The National Fish & Wildlife Federation awarded a grant to TNACI to participate in a study to perfect captive breeding techniques for this species. There is a significant need to progress captive propagation efforts for this species before the remaining distinct populations decline further in the wild.

Before this success at TNACI, Southern Appalachian Brook Trout had only been successfully raised at the Tellico Fish Hatchery in the Cherokee National Forest a few times. Their success, using water from the source stream, inspired the idea that TNACI scientists could do the same thing at the Aquarium using chilled and dechlorinated tap water sourced from the City of Chattanooga. Because most hatcheries operate using flow-through water systems, concern exists about the transmission of disease and escaped fish to nearby wild populations.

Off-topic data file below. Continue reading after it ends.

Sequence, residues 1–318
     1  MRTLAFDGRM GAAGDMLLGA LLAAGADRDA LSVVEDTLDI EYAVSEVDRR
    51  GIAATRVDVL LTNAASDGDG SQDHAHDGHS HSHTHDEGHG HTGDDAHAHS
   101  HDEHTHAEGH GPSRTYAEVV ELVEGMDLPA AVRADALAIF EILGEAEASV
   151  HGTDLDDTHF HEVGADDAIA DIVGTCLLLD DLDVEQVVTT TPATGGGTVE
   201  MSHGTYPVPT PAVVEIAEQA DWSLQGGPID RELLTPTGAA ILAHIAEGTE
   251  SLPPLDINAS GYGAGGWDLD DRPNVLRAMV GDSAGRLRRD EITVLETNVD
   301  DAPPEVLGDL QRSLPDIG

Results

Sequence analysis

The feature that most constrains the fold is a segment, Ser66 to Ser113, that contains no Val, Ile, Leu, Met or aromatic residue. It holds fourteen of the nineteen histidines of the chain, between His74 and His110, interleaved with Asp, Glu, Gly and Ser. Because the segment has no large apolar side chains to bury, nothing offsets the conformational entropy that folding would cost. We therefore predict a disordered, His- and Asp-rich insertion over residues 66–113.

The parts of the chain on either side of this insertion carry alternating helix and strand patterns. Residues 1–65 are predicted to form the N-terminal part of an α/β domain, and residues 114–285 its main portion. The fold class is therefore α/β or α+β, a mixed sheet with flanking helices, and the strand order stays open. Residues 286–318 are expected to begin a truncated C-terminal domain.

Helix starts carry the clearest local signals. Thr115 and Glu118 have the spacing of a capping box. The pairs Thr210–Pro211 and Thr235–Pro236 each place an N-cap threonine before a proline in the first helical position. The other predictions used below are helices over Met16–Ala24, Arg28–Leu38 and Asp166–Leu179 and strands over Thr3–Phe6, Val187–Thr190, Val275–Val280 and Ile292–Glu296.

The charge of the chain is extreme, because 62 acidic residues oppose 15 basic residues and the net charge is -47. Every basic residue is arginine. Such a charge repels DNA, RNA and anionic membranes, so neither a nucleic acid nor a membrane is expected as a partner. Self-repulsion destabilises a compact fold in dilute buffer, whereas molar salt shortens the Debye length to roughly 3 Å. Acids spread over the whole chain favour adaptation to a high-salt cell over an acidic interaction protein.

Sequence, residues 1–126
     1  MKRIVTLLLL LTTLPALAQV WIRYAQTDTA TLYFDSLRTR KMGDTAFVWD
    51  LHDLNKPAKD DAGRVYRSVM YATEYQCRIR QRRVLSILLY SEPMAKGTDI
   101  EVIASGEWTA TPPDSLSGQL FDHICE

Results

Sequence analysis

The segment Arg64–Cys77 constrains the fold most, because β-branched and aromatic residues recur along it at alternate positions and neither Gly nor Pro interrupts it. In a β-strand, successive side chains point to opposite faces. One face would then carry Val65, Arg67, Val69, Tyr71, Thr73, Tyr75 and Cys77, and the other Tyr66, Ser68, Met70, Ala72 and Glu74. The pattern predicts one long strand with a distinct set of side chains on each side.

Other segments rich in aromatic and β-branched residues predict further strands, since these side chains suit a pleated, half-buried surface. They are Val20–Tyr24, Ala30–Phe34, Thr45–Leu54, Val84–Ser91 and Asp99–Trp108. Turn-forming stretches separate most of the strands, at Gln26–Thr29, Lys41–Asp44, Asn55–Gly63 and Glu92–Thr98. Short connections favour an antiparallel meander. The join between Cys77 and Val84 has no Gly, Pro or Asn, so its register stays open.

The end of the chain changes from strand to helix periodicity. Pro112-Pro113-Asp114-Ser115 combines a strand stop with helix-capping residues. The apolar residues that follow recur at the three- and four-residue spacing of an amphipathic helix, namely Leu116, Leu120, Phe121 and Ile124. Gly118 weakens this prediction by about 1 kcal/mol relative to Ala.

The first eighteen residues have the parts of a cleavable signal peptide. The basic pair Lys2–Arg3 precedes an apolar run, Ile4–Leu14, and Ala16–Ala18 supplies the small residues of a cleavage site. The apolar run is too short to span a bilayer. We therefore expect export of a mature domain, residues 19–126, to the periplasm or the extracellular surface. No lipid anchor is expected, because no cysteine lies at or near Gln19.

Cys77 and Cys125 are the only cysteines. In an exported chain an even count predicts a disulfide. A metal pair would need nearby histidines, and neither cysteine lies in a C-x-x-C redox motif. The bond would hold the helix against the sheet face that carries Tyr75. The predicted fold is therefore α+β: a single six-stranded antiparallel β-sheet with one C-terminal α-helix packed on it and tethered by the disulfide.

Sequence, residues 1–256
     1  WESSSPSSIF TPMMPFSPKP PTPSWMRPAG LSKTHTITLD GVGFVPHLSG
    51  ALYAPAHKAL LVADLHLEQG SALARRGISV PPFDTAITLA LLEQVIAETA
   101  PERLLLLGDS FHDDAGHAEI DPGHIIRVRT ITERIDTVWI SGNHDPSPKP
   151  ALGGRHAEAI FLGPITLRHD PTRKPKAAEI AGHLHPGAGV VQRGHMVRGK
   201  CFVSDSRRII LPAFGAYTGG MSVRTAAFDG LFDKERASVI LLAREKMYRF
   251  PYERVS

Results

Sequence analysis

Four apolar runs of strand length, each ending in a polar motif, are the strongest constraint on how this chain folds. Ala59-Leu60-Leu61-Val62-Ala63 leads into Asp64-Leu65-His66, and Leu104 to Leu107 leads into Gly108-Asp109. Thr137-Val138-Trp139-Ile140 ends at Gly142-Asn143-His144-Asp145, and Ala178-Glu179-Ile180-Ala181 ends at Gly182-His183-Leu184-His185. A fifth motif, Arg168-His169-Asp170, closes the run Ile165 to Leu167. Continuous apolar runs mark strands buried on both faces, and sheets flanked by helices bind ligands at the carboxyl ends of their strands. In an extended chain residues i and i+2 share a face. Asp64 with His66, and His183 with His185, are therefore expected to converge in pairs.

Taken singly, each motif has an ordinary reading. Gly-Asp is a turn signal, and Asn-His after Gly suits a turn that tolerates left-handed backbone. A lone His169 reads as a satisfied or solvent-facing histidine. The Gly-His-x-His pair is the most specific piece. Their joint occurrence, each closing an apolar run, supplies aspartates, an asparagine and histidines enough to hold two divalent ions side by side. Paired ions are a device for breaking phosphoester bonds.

Monday, August 26, 2013

Baby Penguin Alert!



Our penguin keepers have been busy caring for several gentoo chicks. Two chicks (seen here), the offspring of Nipper and Flower, are being hand-raised in a backup area. Another chick is in Bug and Big T’s nest. Look for this little bird on the far right side in an acrylic playpen.

Check out the Penguins' Rock cam here. (IE only)

Thursday, August 22, 2013

Keeper Spotlight: Kyle McPheeters

A new monthly series of blog posts about the staff and volunteers that care for all of the animals living at the Tennessee Aquarium. You can tweet your questions to us at @TNAquarium using the hashtag #QTheKeeper.



Name: Kyle McPheeters

Title: Aquarist

In charge of: Stingray Bay touch tank, shark eggs and stingrays in the “Q” room (an off-exhibit area where animals are quarantined before being introduced or moved to a new tank)


Kyle McPheeters began working at the Tennessee Aquarium nearly two years ago at Halloween. Since the tanks he works on must be maintained each day before guests arrive, a typical day for Kyle begins early in the morning. After an initial check on the touch tank in Stingray Bay in Ocean Journey, he heads to the basement to prep food for the animals in his care. The food mix includes several pounds of squid, clam shrimp, smelt and krill.